The African-Africans started out with some proliferation, but it got worse on the American diet. This is a different marker measuring inflammation. Each of the brown dots here represents an inflammatory cell; so, rife inflammation before calmed way down after just two weeks, and the opposite in those eating worse.

We know that when our friendly flora ferment fiber, they produce beneficial compounds like butyrate, which is anti-inflammatory and anti-cancer. Impressively, “Africanization” of the diet more than doubled butyrate production, whereas “westernization” cut it in half. And in terms of toxic metabolites, a significant drop on the healthier diet, whereas the meatloafy diet increased the levels of these carcinogens by 400 percent within just two weeks. So, bottom line (no pun intended): what they were able to show is that just by changing the food, you can remarkably change your risk. In fact, that’s how the lead investigator put it: “change your diet, change your cancer risk!” It may be “never too late to start” eating healthier.

Based on these kind of data, “adopting a whole-food vegan or [even just] near-vegan diet rich in fruits and vegetables,” along with other healthy lifestyle decisions, “could have a stunningly positive impact on the cancer risks not only of black Americans, but of all peoples.” “While it [might] be unrealistic to expect rapid and profound lifestyle changes in the general population, [hey]…at least we have sound, effective advice to offer to those who [make the choice] to take the steps needed to optimize their healthful longevity.”

Please consider volunteering to help out on the site.

Image credit: Kristina DeMuth. Image has been modified.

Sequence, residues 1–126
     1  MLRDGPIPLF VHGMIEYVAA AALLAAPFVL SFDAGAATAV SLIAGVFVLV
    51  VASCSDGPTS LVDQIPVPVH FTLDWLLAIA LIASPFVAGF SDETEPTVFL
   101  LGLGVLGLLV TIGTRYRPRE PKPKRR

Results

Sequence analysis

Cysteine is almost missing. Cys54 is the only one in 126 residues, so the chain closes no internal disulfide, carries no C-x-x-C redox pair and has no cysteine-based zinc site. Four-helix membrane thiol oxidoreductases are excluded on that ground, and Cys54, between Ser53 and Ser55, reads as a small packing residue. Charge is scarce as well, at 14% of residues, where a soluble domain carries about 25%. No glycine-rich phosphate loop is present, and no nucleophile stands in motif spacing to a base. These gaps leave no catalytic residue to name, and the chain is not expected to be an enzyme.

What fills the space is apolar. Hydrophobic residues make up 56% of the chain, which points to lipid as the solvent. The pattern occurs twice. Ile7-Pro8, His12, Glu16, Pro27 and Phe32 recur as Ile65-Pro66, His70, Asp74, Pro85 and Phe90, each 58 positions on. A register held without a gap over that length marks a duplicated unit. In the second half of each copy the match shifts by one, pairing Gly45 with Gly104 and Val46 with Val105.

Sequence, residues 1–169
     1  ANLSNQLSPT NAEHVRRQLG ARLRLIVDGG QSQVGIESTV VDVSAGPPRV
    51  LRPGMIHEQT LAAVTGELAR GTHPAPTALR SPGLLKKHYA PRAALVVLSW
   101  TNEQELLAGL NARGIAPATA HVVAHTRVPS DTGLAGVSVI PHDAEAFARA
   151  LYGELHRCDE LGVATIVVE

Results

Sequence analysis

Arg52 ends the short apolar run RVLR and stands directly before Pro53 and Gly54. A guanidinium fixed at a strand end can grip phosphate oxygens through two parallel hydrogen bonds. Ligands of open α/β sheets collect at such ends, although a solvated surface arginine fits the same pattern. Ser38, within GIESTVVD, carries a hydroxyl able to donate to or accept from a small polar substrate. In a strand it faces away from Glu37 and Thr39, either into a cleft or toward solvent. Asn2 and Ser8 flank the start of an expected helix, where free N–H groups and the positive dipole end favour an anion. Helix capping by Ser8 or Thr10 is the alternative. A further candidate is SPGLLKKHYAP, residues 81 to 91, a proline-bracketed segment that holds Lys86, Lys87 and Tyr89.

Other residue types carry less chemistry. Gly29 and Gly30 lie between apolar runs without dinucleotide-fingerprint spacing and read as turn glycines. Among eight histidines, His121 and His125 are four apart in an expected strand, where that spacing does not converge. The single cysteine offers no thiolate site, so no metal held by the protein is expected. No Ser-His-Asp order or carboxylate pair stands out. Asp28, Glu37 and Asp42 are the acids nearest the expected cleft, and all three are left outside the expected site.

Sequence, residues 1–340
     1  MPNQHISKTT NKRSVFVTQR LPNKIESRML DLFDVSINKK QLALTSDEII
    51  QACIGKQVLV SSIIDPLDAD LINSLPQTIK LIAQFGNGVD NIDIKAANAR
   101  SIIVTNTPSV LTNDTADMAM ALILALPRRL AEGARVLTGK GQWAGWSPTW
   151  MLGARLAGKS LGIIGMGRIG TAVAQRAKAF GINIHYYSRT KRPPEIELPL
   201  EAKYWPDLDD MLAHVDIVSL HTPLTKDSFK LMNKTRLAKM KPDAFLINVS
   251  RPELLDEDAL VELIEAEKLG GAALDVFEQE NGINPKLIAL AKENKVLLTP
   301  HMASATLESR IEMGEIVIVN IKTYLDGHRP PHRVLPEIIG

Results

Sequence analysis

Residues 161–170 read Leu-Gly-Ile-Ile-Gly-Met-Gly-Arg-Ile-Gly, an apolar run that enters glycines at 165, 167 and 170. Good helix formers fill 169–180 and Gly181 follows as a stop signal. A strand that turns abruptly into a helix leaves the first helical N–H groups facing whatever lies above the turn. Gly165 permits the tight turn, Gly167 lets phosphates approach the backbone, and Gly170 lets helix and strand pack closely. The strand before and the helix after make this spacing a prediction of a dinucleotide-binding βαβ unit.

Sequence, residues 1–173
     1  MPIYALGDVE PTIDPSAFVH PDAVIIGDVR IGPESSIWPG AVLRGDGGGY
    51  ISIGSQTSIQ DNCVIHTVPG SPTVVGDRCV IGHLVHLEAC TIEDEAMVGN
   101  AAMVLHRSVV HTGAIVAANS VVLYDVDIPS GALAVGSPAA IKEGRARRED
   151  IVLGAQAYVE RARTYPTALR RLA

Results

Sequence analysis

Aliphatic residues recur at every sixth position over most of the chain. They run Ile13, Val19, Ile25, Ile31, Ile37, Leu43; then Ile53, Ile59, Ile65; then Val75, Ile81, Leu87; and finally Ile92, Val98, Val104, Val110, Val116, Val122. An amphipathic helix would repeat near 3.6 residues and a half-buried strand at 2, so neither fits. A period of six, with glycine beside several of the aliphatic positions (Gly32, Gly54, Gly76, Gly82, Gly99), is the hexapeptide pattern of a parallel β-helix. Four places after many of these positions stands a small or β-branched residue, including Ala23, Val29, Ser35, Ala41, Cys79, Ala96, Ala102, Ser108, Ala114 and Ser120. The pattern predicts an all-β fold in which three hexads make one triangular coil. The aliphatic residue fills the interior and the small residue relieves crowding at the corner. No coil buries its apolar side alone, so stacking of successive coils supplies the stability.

Motion graphics by Avocado Video

Below is an approximation of this video’s audio content. To see any graphs, charts, graphics, images, and quotes to which Dr. Greger may be referring, watch the above video.

Colon cancer is our second leading cancer killer, but some places, like rural Africa, have more than 10 times lower rates than we do. The reason we know it’s not genetic is that “[m]igrant studies, such as those in Japanese Hawaiians, have demonstrated that it only takes one generation for the immigrant population to assume the colon cancer incidence of the host Western population.” Now, “the change in diet is [considered] most probably responsible for this.” But there are all sorts of changes when you move from one culture to another—like smoking rates, different exposures to chemicals, infections, antibiotics. You don’t know if it’s the diet…until you put it to the test.

It’s rare I do a whole video on a single study, but I think you’ll agree this one is worth it. This international group of researchers were trying to find out why colon cancer rates were an order of magnitude higher here—in African-Americans and Caucasians—than in rural Africa. If you look at American colons, they’re a mess: polyps, diverticulosis—not to mention hemorrhoids— whereas the African colons were “remarkably pristine.” And more importantly, sevenfold lower colonic epithelial proliferation rates, a characteristic of precancerous conditions. They measured everything they were eating, and concluded that the higher colorectal cancer risk and proliferation rates were most closely “associated with higher dietary intakes of animal products,” which may have led to “higher colonic populations of these potentially toxic [acid] and bile-salt-producing bacteria.” But you don’t know… until you put it to the test. “The higher rates are associated with higher animal protein and animal fat, and lower fibre consumption,” more of those bad bile acids, less of those good short chain fatty acids like butyrate, and that “higher mucosal proliferation. But how do we know it’s the diet that’s mucking things up? You don’t know…until you perform an interventional study.